The Joy of Coding is an online course specially created for anyone who wants to experience first-hand the power, and thrill, of coding computers to do amazing stuff. Created with high school students in mind, it is a great way for anyone to step into the wondrous world of coding. No prior coding experience is required!
The course includes weekly video lectures, reading, and coding assignments.
- Learn to code at their own pace w/ support from Michigan ECE faculty & students
- Receive a certificate of accomplishment to include in college apps
- Have our commitment to help you get unstuck when learning to code
You’ll learn by programming from scratch in a hands-on manner using a one-of-a-kind cloud-based interactive computational textbook that will guide you, and check your progress, step-by-step. Using Python, course students will learn how coding powers apps such as SnapChat, TikTok, Instagram and Siri, and even learn how to code their own versions of SnapChat lenses.
By the end of the course, you will understand, by doing, concepts that are ubiquitous in coding and computational thinking such as loading, saving and transforming variables, functions, for loops and if-then conditional expressions. We'll employ applications from machine learning, that are part of SnapChat lenses, to illustrate these concepts.
is an Associate Professor of Electrical Engineering and Computer Science at the University of Michigan, Ann Arbor. He received his Masters and PhD in Electrical Engineering and Computer Science at MIT as part of the MIT/WHOI Joint Program in Ocean Science and Engineering.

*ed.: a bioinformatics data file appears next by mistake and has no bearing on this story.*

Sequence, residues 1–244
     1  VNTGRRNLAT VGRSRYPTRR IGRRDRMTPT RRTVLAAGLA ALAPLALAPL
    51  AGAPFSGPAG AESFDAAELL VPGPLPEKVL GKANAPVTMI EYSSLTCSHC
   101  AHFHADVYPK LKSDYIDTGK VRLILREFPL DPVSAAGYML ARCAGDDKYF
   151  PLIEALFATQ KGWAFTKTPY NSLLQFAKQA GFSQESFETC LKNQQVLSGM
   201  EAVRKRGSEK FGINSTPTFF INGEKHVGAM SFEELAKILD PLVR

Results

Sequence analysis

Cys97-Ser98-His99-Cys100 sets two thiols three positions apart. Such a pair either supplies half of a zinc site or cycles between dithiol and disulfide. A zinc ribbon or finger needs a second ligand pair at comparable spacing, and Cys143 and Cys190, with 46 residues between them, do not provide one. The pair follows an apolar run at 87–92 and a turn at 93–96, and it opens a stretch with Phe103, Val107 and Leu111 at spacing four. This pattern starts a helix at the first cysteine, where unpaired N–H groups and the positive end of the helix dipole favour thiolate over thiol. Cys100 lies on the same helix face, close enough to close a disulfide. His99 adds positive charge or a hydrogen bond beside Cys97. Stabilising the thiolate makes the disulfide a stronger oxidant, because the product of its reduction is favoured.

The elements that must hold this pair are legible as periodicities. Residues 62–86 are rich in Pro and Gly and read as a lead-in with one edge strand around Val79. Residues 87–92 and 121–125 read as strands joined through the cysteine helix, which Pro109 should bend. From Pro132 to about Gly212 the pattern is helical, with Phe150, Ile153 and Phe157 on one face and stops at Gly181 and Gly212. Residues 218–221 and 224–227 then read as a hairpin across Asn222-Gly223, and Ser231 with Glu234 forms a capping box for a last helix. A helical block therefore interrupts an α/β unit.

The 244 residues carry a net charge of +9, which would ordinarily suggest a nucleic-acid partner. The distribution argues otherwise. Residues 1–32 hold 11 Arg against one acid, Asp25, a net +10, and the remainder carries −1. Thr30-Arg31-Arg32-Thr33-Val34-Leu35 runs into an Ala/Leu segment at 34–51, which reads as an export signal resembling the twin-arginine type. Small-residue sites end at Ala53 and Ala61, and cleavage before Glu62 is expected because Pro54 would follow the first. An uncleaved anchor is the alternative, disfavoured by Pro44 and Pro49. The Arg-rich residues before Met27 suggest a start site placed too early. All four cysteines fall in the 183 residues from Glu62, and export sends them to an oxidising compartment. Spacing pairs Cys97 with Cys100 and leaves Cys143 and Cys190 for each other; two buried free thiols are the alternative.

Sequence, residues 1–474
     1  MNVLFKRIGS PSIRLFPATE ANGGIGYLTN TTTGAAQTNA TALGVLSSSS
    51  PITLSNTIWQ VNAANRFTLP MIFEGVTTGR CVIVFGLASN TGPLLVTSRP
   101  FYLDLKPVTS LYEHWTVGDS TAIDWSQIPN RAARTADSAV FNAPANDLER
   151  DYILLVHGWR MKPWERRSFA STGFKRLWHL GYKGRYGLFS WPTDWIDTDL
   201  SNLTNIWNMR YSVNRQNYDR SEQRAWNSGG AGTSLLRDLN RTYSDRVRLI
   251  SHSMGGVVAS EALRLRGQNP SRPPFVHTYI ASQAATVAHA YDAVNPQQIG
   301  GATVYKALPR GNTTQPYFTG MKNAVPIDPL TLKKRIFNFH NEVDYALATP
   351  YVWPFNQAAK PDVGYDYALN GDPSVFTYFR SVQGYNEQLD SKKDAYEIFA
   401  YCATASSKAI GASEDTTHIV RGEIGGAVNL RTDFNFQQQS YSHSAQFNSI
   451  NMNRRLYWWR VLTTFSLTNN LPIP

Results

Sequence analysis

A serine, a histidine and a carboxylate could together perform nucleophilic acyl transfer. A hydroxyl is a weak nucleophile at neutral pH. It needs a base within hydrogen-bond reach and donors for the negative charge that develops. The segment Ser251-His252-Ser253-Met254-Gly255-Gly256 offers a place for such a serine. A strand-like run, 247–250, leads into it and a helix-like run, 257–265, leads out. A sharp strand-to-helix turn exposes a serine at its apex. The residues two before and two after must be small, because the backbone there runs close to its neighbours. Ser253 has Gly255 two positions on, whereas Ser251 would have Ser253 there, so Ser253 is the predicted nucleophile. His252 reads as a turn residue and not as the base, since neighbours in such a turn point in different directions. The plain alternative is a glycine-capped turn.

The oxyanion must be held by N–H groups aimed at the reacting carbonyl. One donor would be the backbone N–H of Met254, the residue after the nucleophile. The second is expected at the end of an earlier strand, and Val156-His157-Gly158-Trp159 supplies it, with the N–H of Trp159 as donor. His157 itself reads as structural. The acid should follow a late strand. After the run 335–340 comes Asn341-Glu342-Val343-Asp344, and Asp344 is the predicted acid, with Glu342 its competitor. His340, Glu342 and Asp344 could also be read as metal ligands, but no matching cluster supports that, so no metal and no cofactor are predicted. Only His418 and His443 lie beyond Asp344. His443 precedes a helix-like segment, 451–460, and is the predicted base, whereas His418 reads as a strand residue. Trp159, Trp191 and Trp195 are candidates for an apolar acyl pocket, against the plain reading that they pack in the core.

In addition to receiving the Jon R. and Beverly S. Holt Award for Excellence in Teaching, Prof. Nadakuditi has received the DARPA Directors Award, DARPA Young Faculty Award, IEEE Signal Processing Society Best Young Author Paper Award, Office of Naval Research Young Investigator Award, and the Air Force Research Laboratory Young Faculty Award.
His graduate level course, Computational Data Science and Machine Learning, attracts hundreds of students from 80+ disciplines across the University. He loves making machine learning accessible to learners from all disciplines and enjoys seeing how students adapt the underlying ideas and develop creative, new applications in their own scientific of engineering area of expertise.
This offering has evolved from many years of the instructor teaching Computational Data Science and Machine Learning at the University of Michigan, MIT Lincoln Laboratory and the Air Force Research Laboratory (AFRL).
The syllabus distills the elements of coding necessary so that one may take more advanced coding based courses in computational science and engineering that require computer programming as a pre-requisite.
Over the years of teaching this course at U-M, the instructor has derived tremendous satisfaction from seeing students from a wide range of disciplines seeing how the beautiful math leads to beautiful code and applications that seem magical the first time the math and code come together to do something remarkable, as in the many applications we will showcase. That's a bit part of the fun of the underlying subject matter and we hope you leave with that sense of wonder, too.
There are several additional resources that we recommend. These resources may be used as a companion book or simply to supplement the concept presented here.
There is so much to learn and we are delighted that there so many resources that present the material in slightly different ways -- all come together to help a learner form a more complete picture of the material. One can never really stop learning with how much there is to learn! (That's part of the fun for this author!)
Multiple thanks to Alan Edelman for years of encouragement and inspiration and for teaching me so much (including Julia). A learner experiencing this book by doing/coding might sometimes recognize his voice in the way I write and speak about coding . That's no accident. This course is infused with his DNA and years of me soaking in his thoughts and ideas on so many matters, particularly on how elegant math produces elegant codes and vice versa.